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Dynamics of Rules and Regulations in Defence

Narinder Gupta is on Deputation to Institute for Defence Studies and Analyses, New Delhi. Click here for detailed profile
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  • July 16, 2010

    In any formal organization, predetermined sets of rules and regulations govern various activities for the accomplishment of goals and to keep the organization moving and vibrant. If one looks into details, one may come across applicability of these rules, regulations, procedures and circulars documented in different sources and which are mandatory to follow. In this context, a pertinent question arises about their correct applicability and the need for consolidation/documentation of these provisions as well as the removal of inconsistencies/conflicts not only for smooth functioning of the organization but also for meeting the organizational objectives.

    To undertake a meaningful analysis, be it in the domain of security, defence manufacturing, defence procurement, outsourcing of activities and processes or any other activity, the importance of dynamism and updation of existing rules and regulations hardly needs any emphasis.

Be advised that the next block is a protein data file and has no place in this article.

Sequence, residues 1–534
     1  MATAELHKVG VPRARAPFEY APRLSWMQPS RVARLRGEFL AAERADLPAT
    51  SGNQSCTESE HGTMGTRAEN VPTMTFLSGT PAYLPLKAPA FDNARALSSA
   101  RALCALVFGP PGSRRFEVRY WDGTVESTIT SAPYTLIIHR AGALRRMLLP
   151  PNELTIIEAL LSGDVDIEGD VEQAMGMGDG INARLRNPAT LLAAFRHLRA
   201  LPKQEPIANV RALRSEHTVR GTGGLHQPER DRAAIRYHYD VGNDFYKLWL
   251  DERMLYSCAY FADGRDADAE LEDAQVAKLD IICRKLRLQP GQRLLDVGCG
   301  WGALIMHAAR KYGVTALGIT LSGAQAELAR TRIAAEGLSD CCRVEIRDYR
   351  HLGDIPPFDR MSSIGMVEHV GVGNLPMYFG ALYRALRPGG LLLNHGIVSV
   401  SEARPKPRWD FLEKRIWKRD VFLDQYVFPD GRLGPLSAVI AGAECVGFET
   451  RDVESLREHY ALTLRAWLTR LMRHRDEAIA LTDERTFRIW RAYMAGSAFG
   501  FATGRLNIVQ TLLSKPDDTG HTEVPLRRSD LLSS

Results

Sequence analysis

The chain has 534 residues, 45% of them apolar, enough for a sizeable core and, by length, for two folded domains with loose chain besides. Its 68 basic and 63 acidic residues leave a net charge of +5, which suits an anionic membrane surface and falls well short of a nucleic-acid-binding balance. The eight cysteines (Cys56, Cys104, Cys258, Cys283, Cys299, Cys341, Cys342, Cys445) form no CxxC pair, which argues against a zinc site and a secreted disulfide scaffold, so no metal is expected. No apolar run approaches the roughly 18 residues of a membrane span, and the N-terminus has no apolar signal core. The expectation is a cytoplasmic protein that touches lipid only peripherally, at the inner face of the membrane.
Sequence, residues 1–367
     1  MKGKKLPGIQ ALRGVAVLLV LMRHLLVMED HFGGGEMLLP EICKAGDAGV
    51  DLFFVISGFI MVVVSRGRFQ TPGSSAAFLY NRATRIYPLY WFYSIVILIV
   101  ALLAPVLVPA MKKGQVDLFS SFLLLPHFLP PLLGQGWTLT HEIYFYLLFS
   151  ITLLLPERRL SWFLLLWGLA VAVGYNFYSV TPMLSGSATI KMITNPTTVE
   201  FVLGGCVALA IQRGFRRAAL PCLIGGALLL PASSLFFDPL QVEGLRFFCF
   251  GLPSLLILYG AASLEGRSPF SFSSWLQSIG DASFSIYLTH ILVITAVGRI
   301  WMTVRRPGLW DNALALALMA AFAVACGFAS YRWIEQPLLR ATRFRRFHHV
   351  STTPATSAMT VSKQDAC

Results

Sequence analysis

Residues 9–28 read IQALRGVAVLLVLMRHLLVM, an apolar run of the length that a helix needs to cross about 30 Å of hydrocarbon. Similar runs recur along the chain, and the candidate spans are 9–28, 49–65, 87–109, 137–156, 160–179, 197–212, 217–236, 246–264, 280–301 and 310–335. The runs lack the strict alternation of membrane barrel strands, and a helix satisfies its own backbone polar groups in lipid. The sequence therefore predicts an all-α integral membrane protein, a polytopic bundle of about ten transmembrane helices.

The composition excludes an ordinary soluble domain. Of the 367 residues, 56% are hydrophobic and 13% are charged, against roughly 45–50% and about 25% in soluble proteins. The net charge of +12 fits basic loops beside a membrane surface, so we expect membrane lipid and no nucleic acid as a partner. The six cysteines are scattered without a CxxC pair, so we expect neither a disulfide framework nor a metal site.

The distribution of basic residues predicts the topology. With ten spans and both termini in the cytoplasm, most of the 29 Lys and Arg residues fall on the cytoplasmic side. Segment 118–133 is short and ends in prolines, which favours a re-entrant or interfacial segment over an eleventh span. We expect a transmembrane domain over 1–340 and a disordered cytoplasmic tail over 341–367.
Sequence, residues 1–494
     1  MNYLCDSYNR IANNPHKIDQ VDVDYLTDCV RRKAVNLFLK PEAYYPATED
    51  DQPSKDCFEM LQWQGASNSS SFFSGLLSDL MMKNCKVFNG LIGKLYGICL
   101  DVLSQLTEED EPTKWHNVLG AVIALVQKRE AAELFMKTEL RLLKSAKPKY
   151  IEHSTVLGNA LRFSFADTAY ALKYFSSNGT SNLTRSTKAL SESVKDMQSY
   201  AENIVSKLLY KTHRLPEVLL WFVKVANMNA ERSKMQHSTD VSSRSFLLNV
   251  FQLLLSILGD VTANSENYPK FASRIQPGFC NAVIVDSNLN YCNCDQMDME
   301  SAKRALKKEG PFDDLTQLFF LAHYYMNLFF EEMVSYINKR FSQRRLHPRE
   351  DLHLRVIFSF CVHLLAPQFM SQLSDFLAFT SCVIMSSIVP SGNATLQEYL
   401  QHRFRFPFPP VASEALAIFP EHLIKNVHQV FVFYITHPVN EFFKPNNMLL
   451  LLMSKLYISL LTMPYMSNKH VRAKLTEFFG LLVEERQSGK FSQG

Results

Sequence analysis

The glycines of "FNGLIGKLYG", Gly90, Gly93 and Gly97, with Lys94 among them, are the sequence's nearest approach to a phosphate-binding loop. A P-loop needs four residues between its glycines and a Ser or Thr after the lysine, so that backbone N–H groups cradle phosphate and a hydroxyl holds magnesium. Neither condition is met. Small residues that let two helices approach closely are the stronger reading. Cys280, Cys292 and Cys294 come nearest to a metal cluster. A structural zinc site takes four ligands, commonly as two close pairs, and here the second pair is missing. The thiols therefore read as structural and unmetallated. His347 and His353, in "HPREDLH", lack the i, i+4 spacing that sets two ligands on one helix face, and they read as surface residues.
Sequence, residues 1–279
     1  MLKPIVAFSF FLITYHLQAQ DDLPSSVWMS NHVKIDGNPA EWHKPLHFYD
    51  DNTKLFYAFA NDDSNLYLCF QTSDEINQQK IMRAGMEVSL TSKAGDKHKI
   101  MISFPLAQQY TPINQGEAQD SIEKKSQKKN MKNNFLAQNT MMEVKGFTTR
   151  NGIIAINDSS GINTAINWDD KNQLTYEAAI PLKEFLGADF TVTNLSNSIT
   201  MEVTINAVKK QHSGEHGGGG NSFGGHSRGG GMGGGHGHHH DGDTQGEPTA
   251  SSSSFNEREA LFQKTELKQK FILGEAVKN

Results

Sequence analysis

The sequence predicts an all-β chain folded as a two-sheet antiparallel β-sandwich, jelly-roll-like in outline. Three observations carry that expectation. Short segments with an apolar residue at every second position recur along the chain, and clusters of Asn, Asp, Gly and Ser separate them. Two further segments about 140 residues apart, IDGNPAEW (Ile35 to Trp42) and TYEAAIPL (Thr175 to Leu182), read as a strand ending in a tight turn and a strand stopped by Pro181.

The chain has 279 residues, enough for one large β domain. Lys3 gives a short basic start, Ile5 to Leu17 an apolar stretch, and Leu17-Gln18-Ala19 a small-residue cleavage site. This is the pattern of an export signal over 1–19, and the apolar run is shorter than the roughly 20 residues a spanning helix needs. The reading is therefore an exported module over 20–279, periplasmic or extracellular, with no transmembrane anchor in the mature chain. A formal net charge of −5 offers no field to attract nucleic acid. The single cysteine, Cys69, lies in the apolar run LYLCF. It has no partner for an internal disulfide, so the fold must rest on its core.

It has been experienced that during application of prescribed procedures, many contradictions and ambiguities crop up, resulting in delays in decision making and, in some cases, to even faulty decisions. Faulty decision-making at any level on any issue can have far reaching implications in Defence. Against this background, documentation and consolidation of various applicable provisions assume the highest importance for functional efficiency. This linkage of varied sources of rules and regulations also help to a significant extent in ensuring avoidance of application of outdated and redundant provisions at the time of formulating and deciding an issue. In other words, the correct application of rules and regulations emanates from the comprehensive and well-documented provisions relevant to any organization. This also cuts time delays which are highly important in a fast changing security environment. The cost delays are also accordingly easy to handle and minimized to achieve maximum value for money.

    There are numerous instances in every organization where updation and consolidation need to be undertaken. It may be quite relevant to quote a few areas relevant to the field of Defence. In one recent experience in Border Roads Organization, it was observed that the main manual of regulations was as old as 1983 after which it had not been updated although a large number of amendments/additions/deletions had taken place during the intervening period between 1983 and 2009. At times this resulted in application of outdated provisions at the time of formulation of initial proposals, leading to either faulty decision or unnecessary time delay. This shows that the lack of knowledge on updated or new provisions on the part of the dealing officials can hinder proposals.